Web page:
It is ironic the same people who would have our country defined as a Christian nation are also against government programs to help the poor and sick. Take self-proclaimed Christian columnist Susan Brown, who in a recent HDN op-ed quoted an intellectual agnostic who condemns “social justice” as a threat to the status quo social order. Let me remind Ms. Brown that social justice was what Jesus was all about, the exact kind of social justice her and her agnostic colleague define. Merely reading the gospels, we see that the main things Jesus “did” were healing the sick, making sure the poor get their basic needs met and providing assistance to the disadvantaged, of which contemporary efforts by the government Ms. Brown and Mr. Hayek malign as “redistribution of wealth.” Characterized this way, it naturally brought to Ms. Brown’s mind the story of Robin Hood, whom she accepts as a heroic character, but not for his efforts to take from the greedy aristocrats and give to the needy poor, only his chivalry and green tights.

Ms. Brown is right about Marx hating religion. But it wasn’t God that Marx hated, it was elites’ use of religious dogma to justify and perpetuate an immoral economic system that creates massive poverty for the masses, while channeling more and more wealth to the “righteous” few at the top. Marx would cite Ms. Brown’s arguments as perfect modern-day examples of the “false consciousness” elites try to create, the assumption that they deserve to have thousands of times more than the rest of us and any societal effort to redistribute their precious accumulation of wealth back down to the poor and struggling is morally wrong. It is the social injustice of this unfair system of rewards that makes redistribution of wealth necessary to have a just society, if not to enable the very poorest to merely survive.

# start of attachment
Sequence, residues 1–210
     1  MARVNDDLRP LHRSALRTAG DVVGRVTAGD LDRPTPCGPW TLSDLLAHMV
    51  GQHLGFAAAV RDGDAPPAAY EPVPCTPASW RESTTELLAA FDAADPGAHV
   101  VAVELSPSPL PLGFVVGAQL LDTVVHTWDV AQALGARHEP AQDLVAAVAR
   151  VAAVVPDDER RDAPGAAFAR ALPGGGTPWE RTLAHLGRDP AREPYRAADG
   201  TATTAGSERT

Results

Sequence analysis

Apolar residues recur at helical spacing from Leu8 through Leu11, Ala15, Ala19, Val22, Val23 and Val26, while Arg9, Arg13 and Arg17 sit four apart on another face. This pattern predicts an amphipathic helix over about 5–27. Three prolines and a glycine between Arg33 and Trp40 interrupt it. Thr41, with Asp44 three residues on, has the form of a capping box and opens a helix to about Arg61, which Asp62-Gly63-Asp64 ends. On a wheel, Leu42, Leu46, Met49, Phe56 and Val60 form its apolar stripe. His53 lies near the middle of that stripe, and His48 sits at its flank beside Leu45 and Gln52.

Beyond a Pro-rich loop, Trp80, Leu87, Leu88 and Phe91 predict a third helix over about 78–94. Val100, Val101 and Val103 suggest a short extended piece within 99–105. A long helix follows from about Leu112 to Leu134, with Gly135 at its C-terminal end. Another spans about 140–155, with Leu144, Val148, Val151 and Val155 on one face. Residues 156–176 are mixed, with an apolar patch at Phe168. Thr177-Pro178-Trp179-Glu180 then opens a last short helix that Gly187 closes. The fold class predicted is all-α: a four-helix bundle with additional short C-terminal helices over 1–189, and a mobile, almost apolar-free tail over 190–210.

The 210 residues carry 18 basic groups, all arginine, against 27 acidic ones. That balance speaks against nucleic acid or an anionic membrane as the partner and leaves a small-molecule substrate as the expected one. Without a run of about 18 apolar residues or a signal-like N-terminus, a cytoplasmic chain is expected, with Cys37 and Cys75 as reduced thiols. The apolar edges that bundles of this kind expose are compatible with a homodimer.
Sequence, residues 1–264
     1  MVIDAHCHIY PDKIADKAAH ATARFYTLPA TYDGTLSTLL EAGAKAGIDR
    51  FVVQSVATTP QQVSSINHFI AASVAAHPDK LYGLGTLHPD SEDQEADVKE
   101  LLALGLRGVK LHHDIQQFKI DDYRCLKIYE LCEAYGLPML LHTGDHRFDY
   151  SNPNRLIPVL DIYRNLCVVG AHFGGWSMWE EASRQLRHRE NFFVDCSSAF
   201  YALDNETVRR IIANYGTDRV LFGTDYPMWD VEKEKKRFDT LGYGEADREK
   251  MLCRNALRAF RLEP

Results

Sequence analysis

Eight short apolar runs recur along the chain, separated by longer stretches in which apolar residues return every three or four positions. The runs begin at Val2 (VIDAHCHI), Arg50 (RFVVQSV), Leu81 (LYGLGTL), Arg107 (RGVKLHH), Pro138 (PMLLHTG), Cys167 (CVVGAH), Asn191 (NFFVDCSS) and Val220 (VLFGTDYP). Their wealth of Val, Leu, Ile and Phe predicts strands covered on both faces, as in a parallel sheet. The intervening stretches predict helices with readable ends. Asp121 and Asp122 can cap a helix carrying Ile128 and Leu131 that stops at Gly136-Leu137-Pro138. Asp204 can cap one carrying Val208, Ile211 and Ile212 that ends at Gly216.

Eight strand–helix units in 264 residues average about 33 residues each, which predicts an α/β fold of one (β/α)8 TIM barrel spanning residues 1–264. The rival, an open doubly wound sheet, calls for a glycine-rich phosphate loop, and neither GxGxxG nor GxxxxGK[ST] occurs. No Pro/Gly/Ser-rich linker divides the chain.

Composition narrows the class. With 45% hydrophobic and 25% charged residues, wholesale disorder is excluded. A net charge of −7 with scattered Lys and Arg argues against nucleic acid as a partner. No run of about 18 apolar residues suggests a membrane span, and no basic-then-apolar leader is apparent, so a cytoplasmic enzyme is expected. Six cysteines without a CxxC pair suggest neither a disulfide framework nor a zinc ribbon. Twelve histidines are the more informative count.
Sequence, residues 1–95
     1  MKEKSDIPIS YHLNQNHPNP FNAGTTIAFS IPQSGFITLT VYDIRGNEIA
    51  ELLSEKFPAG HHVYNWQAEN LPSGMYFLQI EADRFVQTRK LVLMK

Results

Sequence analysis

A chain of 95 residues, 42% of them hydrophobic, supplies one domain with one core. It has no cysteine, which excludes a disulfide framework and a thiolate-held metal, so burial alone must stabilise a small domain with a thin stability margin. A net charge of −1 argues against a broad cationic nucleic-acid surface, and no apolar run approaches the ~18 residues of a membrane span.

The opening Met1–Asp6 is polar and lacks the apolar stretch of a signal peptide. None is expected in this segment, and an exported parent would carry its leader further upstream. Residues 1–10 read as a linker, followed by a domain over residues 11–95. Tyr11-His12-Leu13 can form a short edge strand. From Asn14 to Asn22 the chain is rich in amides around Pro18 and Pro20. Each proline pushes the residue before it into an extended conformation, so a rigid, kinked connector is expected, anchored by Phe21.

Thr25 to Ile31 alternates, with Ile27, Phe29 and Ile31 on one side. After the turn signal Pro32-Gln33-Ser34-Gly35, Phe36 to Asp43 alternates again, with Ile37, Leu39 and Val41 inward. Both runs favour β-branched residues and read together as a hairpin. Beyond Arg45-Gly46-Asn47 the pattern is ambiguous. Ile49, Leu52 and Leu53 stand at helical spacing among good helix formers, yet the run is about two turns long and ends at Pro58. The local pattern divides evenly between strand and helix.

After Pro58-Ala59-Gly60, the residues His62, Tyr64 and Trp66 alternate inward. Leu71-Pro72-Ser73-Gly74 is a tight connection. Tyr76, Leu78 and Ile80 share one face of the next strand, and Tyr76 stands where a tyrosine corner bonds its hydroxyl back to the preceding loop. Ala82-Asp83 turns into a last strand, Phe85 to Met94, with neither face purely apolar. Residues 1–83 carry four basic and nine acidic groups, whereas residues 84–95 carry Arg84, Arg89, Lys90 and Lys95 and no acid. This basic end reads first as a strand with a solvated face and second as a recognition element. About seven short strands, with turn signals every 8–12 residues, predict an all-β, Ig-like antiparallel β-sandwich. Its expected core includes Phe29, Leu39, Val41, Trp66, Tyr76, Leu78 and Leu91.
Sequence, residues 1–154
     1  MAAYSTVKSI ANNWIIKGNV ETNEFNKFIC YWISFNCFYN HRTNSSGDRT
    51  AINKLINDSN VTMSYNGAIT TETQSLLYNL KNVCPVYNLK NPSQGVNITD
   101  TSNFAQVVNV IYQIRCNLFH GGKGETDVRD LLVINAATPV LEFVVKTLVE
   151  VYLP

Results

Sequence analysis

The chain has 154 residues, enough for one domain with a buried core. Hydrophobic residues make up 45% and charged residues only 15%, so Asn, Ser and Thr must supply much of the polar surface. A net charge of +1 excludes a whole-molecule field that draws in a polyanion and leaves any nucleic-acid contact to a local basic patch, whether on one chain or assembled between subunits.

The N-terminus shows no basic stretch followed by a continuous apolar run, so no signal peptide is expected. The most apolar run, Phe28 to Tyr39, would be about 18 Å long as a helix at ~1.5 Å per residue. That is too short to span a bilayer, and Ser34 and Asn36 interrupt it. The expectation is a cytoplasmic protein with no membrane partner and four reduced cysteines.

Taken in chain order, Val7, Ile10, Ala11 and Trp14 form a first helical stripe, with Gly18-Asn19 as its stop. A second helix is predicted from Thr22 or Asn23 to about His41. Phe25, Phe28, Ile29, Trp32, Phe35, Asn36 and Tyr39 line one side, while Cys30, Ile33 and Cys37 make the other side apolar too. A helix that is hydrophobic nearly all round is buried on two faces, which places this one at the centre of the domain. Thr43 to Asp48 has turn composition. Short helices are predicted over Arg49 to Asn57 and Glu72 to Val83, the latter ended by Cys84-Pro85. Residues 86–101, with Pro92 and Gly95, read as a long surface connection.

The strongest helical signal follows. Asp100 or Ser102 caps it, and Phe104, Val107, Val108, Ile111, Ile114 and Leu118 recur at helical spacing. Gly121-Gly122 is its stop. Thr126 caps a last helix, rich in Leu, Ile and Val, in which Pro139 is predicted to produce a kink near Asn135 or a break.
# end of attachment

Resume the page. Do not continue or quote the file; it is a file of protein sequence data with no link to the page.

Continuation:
Marx knew the greed that fuels runaway economic stratification fosters societal dysfunction and hypothesized it would eventually incite revolution. We are seeing an excellent example of this dysfunction in the pharmaceutical CEO’s working to inundate society with their profitable, and highly addictive, opioids, which have created an unprecedented epidemic that will require billions of dollars of public funds to adequately address. Tobacco CEOs did the same thing in the 1950s and have managed to keep legal and profitable the most addictive and deadly drug of them all. But don’t tax the very corporations making billions pushing these addictive and deadly drugs on the public in order to help the victims of their gluttonous profiteering, right Ms. Brown? That would be immoral and bad for the economy.

Gary Brinker,

Hays